Cooking in Ireland: Beyond Meat & Potatoes
Noted on May 9, 2011 by Eric Skaar in
First thoughts on Food
After spending all Thursday and Friday exploring Dun Laoghaire, I discovered several things that is different about Ireland than The States (this is how everyone refers to the US). First daytime cafes are huge here. They generally open around 8-9 and close between 5-6 pm. They serve breakfast but they are really popular during lunch and afternoon tea/coffee (3-5). They generally serve soups, sandwiches/wraps and are fairly inexpensive (5-10 Euros). Going out to lunch is much more popular in general because it is cheaper and the recent economic collapse is still on everyone’s mind. Menus are becoming much more exciting in these places with food items that are getting more elevated in culinary standards. For instance, my sandwich on Saturday was roasted chicken, chorizo, red onion marmalade and goat cheese on a toasted ciabatta roles and was delicious. I wouldn’t say that it can compete with the cuisines of Italy or France, but it definitely feels familiar with slight differences.
Local butcher/meat markets appear to be everywhere, even in the local shopping centers which are like our malls. These places take their sausages seriously because people in Ireland take their sausages seriously. However, grocery stores still have meat sections just like they do in the States. Meat in general is really important here, even more than in the States I would say. Something really exciting though is the immense selection of cheeses that even the most basic store has; it really puts America to shame. At my B&B I had this organic mature cheddar that was one of the best cheeses I have ever had. It was so intense and the flavor was unlike any cheddar I have ever tried. I want to try so many others and am going to probably buy a bunch of cheeses and just make a plate of it one night with my host mom with a nice bottle of wine.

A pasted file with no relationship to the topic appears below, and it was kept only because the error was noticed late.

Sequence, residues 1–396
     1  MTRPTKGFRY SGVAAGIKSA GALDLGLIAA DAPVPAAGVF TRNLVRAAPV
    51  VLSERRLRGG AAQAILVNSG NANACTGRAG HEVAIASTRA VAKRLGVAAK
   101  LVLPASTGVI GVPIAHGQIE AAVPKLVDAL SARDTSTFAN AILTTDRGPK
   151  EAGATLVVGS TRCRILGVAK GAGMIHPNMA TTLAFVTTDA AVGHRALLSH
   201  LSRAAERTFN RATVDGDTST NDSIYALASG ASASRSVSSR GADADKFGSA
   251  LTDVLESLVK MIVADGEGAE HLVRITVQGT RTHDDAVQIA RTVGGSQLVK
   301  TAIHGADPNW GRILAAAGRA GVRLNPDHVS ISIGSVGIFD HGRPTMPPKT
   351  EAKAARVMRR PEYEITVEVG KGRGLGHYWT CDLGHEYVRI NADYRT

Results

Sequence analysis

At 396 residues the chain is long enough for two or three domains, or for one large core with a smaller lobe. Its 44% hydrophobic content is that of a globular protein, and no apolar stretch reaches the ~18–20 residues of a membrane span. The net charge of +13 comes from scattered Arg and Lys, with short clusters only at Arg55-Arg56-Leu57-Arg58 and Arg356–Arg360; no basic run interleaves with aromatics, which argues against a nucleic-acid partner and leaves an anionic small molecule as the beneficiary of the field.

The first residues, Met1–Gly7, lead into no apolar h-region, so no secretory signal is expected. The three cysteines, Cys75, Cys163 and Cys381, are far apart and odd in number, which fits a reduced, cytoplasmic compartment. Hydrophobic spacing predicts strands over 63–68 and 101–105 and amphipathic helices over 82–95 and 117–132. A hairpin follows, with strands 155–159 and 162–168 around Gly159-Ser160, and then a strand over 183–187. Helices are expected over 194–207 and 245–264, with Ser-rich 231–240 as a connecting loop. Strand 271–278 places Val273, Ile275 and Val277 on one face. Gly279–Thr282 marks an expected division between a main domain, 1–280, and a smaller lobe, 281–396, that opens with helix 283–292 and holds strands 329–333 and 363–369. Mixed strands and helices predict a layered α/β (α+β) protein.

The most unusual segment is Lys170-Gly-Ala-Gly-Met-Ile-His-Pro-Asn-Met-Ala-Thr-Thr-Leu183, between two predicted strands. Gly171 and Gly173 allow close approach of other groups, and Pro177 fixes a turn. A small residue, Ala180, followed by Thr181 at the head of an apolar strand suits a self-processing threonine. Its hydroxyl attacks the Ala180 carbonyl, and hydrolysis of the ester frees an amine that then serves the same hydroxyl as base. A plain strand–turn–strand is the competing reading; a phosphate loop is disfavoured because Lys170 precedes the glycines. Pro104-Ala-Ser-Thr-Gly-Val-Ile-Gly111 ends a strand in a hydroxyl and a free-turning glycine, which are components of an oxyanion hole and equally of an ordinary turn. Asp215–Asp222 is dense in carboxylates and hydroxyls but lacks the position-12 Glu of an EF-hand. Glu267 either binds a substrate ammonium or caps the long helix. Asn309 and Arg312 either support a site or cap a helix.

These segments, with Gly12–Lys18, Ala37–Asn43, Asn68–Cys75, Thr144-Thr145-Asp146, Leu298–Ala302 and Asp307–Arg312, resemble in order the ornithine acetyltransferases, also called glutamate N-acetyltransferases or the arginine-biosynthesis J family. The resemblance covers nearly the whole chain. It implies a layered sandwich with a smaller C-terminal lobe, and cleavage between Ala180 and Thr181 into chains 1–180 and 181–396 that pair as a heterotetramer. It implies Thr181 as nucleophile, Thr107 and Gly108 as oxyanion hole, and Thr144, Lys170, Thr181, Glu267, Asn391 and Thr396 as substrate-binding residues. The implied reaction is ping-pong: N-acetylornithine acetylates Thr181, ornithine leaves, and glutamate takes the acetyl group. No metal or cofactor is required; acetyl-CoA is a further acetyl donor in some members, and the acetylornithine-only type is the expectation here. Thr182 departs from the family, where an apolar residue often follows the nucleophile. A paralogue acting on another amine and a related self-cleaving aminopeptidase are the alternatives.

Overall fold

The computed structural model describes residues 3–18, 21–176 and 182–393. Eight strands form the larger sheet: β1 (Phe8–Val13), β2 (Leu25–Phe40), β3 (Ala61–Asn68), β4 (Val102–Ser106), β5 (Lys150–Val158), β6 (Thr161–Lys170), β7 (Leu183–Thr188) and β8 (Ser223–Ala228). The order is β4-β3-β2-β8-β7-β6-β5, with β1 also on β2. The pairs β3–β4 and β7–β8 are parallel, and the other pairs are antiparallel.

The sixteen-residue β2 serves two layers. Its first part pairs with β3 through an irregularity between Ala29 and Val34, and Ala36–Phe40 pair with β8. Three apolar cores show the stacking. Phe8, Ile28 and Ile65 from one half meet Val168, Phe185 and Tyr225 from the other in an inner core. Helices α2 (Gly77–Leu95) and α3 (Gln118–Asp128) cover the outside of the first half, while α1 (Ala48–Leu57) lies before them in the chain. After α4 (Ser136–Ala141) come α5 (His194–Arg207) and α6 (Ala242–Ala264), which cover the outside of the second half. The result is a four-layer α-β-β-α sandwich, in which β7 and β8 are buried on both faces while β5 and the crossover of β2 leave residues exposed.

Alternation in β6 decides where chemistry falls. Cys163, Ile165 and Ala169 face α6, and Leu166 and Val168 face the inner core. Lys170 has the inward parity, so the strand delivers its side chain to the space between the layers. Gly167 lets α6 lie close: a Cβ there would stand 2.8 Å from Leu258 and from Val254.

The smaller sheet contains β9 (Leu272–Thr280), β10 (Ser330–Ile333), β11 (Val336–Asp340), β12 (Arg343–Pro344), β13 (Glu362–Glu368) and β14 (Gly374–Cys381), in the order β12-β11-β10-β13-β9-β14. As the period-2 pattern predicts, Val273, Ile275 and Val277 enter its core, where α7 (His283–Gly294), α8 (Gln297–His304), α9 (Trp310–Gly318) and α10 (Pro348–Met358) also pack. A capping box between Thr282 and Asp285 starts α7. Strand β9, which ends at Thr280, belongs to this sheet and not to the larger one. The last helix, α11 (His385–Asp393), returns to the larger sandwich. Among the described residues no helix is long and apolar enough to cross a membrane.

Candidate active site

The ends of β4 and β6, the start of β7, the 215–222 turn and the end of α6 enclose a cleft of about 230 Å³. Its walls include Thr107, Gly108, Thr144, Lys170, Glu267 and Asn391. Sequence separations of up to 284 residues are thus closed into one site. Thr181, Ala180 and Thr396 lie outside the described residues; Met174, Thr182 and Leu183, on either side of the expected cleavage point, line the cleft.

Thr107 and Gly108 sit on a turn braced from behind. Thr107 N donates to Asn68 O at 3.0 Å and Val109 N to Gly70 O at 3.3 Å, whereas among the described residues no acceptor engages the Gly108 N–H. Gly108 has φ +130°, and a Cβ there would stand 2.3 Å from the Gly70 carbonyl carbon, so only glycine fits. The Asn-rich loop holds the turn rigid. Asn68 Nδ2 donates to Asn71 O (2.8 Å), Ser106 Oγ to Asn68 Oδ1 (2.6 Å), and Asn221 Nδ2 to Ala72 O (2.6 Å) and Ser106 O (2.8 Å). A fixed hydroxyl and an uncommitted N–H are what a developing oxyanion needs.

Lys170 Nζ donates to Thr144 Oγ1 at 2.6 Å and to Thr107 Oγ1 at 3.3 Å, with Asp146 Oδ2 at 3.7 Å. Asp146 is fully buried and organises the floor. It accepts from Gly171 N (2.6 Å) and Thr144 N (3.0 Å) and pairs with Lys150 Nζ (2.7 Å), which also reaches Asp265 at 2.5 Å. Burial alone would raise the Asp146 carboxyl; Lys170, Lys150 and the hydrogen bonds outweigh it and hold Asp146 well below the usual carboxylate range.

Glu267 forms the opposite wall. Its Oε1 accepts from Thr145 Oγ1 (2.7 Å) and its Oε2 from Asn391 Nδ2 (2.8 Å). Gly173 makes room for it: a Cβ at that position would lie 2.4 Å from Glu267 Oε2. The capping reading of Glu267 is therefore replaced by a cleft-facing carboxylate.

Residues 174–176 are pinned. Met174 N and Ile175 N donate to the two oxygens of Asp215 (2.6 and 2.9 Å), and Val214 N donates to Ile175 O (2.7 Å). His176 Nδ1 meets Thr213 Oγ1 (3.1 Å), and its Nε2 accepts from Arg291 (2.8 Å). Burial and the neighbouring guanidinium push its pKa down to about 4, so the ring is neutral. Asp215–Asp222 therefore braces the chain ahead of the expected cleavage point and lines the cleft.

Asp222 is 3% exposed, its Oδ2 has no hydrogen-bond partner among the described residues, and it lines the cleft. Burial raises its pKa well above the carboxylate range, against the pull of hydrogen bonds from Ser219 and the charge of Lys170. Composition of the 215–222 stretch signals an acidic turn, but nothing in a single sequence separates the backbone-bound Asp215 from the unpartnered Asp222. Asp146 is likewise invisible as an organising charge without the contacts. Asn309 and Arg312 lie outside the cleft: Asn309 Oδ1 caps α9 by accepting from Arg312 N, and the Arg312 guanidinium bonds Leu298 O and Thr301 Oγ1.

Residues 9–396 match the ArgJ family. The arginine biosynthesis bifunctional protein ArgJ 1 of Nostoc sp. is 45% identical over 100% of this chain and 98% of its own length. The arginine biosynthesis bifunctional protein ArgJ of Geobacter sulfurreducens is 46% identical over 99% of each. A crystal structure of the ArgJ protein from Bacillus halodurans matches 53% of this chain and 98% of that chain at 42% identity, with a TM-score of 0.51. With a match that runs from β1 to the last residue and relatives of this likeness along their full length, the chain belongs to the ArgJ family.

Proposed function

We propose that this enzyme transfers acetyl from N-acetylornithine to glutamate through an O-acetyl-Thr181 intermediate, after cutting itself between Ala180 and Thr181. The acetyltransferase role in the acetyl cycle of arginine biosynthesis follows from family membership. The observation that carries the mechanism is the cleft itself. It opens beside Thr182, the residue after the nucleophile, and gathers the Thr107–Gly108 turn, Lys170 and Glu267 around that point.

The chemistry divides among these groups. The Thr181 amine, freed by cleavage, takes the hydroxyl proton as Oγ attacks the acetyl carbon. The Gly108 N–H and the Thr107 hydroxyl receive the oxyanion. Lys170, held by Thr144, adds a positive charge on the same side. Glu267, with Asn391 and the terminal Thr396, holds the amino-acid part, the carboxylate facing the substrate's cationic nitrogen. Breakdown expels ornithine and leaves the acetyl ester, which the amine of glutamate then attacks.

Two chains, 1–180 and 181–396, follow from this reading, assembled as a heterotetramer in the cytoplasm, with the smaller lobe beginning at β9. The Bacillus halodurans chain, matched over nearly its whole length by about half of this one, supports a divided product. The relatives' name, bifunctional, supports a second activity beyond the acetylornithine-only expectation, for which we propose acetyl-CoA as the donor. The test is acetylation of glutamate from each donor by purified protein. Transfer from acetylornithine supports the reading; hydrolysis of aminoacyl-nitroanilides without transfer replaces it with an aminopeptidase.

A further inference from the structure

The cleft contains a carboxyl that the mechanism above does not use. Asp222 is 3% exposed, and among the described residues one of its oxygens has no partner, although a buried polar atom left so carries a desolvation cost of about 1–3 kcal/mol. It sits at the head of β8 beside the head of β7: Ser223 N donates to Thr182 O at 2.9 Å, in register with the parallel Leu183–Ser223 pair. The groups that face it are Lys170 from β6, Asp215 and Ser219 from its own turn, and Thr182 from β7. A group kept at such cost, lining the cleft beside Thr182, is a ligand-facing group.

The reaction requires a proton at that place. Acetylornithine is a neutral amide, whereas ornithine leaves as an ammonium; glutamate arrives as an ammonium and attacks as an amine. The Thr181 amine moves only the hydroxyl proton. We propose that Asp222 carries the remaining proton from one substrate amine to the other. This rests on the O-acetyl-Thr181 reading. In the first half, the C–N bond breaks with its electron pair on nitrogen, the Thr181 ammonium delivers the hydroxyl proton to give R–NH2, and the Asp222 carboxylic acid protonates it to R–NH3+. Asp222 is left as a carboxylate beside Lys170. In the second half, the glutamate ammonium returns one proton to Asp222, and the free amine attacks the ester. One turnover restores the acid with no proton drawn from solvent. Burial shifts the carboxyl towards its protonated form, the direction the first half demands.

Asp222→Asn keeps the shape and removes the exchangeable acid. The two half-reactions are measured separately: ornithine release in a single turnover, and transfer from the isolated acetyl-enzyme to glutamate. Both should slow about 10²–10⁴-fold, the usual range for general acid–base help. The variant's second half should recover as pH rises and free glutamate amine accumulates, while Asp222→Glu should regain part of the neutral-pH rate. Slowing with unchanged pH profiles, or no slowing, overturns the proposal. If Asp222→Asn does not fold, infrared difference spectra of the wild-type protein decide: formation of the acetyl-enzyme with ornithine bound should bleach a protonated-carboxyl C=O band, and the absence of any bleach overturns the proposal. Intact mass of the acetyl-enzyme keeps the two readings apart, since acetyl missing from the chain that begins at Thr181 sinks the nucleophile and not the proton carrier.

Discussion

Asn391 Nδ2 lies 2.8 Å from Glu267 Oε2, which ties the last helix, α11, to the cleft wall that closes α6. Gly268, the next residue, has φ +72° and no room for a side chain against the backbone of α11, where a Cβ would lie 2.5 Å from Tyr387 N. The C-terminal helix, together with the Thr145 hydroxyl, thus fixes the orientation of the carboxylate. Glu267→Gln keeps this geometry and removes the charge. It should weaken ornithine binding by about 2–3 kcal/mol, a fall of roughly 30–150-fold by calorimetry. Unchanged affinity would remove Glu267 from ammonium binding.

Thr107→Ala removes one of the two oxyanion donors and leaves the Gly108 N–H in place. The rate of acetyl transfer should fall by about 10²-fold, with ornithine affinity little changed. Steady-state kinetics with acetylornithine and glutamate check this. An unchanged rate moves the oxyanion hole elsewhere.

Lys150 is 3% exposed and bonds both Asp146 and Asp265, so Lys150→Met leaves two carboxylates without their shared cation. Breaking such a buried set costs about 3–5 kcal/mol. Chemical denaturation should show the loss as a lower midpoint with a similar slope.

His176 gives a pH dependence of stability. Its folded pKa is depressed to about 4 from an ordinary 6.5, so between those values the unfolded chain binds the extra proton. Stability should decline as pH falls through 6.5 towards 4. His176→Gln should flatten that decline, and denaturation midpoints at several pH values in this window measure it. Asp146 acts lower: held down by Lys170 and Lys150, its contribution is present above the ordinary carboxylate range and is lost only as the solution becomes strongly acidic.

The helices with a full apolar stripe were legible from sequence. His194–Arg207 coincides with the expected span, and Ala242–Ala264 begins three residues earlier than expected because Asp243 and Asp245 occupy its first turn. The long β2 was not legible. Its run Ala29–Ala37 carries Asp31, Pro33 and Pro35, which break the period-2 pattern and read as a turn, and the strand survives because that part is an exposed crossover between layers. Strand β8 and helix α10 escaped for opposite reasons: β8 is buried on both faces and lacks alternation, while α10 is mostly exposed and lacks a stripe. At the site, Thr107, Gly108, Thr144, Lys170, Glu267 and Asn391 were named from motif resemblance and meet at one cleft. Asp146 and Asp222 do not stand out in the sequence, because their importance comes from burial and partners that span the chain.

While although I am somewhat reluctant to say this because I hate to confirm stereotypes, potatoes really are a big deal here. They have varieties that I have never heard of and they tend to find themselves into conversations about food quite a bit. My host mom made some amazing roasted potatoes that were unlike any roasted potatoes I have ever had, so I will have to ask her how she did it. Weirdly enough though, I have yet to see hash browns or any hash dish on a menu. Not quite sure why, but I'll look into it.
To read more from Jason Broome, visit his blog at http://cookinginireland.blogspot.com!